While the final results from the METIV-HCC study for tivantinib are disappointing, the data for Lenvima, Opdivo, and Imfinzi plus tremelimumab are extremely encouraging, and collectively, could help pave the way for an entirely new treatment algorithm in HCC. Eisai’s decision to design and complete a study with non-inferior OS as the primary end point is somewhat unorthodox in oncology because, historically, non-inferiority studies have been seldom used for regulatory approval. However, the fact that Eisai did seek regulatory guidance on the design of Study 304 before embarking on the trial provides some confidence that Lenvima could be approved as a first-line treatment of HCC, particularly given the significant and clinically meaningful benefits over Nexavar on other efficacy end points (PFS, TTP, and ORR). If approved, such an event could set a precedence not only in HCC but also in other oncology indications, particularly difficult-to-treat diseases for which many agents have failed to demonstrate superiority and/or for which treatment options have barely changed for some time. The pivotal CheckMate-459 is trialling Opdivo versus Nexavar in first-line HCC, and the interim Phase I/II data from CheckMate-040 in this patient population is promising when considering that Nexavar demonstrated an ORR of just 2% (with no complete responses) in its pivotal Phase III SHARP trial.7 If Opdivo can significantly extend OS over Nevaxar in its Phase III trial, it will likely become the standard of care in this disease setting.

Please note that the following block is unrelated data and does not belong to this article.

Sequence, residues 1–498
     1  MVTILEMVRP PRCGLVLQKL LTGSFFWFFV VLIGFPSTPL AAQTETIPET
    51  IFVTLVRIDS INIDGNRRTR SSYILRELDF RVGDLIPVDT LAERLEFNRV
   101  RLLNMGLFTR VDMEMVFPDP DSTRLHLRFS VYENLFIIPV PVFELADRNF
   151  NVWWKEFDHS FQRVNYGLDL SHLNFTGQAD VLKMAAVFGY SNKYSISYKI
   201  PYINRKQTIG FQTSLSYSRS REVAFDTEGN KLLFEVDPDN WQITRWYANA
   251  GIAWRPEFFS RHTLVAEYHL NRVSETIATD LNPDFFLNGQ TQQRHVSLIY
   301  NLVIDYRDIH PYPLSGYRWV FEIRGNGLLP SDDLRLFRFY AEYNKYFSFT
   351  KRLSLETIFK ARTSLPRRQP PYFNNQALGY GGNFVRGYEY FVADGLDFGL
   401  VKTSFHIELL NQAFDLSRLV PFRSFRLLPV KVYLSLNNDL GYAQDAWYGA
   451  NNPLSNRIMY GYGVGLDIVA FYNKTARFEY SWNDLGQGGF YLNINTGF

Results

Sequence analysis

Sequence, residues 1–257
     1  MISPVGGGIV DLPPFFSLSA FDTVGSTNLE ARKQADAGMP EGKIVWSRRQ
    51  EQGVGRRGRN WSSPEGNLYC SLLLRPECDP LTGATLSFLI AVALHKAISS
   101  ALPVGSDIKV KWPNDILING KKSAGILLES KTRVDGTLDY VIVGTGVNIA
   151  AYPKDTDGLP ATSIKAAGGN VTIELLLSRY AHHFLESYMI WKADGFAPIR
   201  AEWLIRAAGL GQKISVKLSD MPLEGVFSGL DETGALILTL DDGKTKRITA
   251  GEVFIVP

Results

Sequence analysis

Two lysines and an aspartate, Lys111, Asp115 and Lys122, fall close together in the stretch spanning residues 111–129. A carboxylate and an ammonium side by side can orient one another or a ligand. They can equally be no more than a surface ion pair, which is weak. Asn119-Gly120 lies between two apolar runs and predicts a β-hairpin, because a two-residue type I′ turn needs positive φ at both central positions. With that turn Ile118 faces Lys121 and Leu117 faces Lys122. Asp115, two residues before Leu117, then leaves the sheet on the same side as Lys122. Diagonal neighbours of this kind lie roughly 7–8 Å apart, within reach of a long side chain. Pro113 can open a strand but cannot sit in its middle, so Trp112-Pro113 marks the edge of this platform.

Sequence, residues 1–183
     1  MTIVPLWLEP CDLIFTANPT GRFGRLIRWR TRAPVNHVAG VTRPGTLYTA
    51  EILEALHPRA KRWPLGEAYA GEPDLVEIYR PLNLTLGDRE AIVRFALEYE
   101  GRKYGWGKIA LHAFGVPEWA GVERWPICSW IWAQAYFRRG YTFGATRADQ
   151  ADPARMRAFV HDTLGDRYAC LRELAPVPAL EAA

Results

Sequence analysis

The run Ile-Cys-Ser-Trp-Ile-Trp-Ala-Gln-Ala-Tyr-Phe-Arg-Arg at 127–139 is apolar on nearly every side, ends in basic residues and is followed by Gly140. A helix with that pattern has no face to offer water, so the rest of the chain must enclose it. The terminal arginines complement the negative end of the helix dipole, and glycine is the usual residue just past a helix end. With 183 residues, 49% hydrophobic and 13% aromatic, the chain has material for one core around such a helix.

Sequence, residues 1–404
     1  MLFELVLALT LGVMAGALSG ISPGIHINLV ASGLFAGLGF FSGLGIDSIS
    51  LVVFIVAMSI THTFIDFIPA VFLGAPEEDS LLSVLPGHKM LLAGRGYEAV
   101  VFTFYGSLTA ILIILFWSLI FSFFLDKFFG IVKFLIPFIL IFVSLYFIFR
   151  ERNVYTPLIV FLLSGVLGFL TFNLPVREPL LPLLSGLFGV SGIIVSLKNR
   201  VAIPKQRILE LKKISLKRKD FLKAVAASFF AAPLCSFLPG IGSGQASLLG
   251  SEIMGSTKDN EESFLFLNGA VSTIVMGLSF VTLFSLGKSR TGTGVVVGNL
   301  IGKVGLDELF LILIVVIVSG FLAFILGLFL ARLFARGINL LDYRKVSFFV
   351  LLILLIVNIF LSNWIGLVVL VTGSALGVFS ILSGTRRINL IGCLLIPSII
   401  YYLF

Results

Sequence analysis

What about second-line treatments for HCC? Once again, immune checkpoint inhibitors lead the way. In May 2017, BMS reported the acceptance of a sBLA to the FDA for priority review of Opdivo as a treatment in HCC after prior Nexavar therapy, based on data from CheckMate-040.8 This is welcome news given the significant unmet need which exists in advanced stage HCC, and where treatment options are limited. While cross-trial comparisons are challenging, the efficacy of Imfinzi monotherapy in previously treated HCC is intriguing (ORR: 10.3%; MOS: 13.2 months) when compared to Stivarga in the RESORCE study (ORR: 10.6%; MOS: 10.6 months). Considering that Imfinzi plus tremelimumab could be more efficacious than Imfinzi alone, this combination could be a future contender in the second-line setting; however, there is no ongoing Phase III trial assessing these treatments to date. Other agents in Phase III development for previously treated HCC include Keytruda (KEYNOTE-240) and Cyramza (REACH-2); although no data were presented at ASCO 2017 for these agents, we are likely to hear more about their respective Phase III trials in the not-so-distant future.